Twice, searchers on the ground found “high caliber” rifle rounds Smith left in the road and messages he wrote nearby in the dirt. Griffeth declined that day to reveal the messages, and said they suspected Smith’s intent may have been to lure deputies from their vehicles to investigate.
Authorities also confiscated a .308-caliber rifle found at Smith’s home.
Acknowledging that the law enforcement response was understandable — “The cops did exactly what they were trained for and what they were supposed to do,” Otte said — those interviewed by The Western News don’t believe Smith intended to harm anyone.
Smith left the bullets in the road because “he was leaving a trail for where they could find him,” Otte said.
As for the property destruction, Nielson said that his father-in-law knew no one would be in the home or in the restaurant at the time.
“(But) there’s no excuse for what he did or anything like that,” he said. “I’m highly upset. I’m not very happy with him right now. One minute I’m crying and the next minute I’m pretty angry because he didn’t need to do that. At all.”
“His mind just wasn’t working right,” Otte said. “And nobody could understand why that was happening and everybody was trying to figure it out and they were all lay people that shouldn’t have been put in that position.”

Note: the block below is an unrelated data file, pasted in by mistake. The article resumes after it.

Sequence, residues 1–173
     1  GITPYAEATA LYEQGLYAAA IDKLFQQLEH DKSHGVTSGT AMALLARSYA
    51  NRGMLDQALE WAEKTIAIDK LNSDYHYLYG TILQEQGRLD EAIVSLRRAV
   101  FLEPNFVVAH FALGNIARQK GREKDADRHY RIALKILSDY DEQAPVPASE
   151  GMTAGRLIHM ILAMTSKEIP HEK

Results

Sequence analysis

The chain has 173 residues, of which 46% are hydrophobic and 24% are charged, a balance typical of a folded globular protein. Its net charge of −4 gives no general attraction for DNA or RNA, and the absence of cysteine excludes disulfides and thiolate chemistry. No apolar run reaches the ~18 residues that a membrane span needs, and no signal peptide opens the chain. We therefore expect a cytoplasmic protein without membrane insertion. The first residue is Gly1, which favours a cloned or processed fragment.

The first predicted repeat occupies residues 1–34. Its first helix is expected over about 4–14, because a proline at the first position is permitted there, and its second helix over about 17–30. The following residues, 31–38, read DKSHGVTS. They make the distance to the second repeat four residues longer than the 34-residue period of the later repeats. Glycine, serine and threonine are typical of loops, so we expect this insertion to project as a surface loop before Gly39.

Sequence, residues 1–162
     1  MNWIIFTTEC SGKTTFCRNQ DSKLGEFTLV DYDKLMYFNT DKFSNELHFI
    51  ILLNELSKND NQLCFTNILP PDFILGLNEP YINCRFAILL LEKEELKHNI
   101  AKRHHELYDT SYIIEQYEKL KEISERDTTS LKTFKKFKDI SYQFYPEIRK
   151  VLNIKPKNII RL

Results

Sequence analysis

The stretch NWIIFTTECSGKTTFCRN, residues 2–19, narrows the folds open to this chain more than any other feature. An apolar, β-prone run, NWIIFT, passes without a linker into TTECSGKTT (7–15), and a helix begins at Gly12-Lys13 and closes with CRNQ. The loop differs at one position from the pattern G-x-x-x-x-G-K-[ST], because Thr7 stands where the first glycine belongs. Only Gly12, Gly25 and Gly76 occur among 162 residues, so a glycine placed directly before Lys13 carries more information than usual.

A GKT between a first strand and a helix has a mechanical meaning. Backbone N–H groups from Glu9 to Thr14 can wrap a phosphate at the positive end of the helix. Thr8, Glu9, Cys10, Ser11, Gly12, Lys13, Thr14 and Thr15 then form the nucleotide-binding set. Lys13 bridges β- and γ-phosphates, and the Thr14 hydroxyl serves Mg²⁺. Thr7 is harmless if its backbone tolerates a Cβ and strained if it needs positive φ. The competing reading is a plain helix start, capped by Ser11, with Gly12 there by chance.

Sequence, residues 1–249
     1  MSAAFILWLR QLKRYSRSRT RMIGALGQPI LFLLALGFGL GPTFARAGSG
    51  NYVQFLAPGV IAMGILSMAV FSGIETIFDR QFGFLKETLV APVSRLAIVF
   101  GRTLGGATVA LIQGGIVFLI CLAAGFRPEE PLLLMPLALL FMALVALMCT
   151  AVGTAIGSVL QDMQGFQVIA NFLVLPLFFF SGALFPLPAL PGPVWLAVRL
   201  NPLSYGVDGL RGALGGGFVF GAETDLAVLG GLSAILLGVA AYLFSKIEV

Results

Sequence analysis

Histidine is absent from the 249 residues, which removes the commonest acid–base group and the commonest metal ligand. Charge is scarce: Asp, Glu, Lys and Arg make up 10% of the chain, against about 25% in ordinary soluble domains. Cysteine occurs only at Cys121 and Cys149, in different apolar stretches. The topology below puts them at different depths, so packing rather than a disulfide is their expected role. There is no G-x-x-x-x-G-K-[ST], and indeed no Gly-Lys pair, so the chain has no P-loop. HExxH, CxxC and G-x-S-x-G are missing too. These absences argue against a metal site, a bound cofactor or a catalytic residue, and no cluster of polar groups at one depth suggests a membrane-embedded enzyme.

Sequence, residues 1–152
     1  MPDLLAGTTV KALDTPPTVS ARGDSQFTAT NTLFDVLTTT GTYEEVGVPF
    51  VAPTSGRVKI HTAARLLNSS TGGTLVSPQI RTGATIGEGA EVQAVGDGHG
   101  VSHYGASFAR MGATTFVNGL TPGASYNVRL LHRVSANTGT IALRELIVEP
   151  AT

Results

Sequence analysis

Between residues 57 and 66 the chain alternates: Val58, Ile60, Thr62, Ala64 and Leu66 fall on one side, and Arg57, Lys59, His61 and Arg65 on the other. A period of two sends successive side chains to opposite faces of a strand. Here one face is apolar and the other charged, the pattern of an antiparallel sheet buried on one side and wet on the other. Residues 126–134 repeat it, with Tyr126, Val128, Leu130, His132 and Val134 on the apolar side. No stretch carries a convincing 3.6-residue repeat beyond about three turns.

Nielson thinks of himself as the son Smith never had, and said Smith was “the cool grandpa” to his own sons, Jeren, not yet 2, and Dawson, 12.
“He made sure the kids had fun,” Nielson said, remembering all the Halloweens he showed up “in this crazy Viking costume” that he made himself.
Dawson, as the older son, was his grandpa’s buddy, and together they spent many hours fishing, working in the yard or just hanging out.
“He wasn’t the kind of grandpa who just brought you out there and then told you to go watch TV,” Nielson said.
Saying that Smith “did nothing but better everybody,” Nielson wonders what might have happened had Smith “treated himself a little bit better and put himself first” and perhaps found the help he needed.
“But he was a very proud guy and I don’t think he — whatever was going on, whatever his reasons were — I don’t think he wanted to burden anybody,” he said.
Still, Nielson said he “couldn’t have asked for a better grandpa for my kids.”
“I just wish they could have had more time with him,” he said. “I just wish I could have, too.”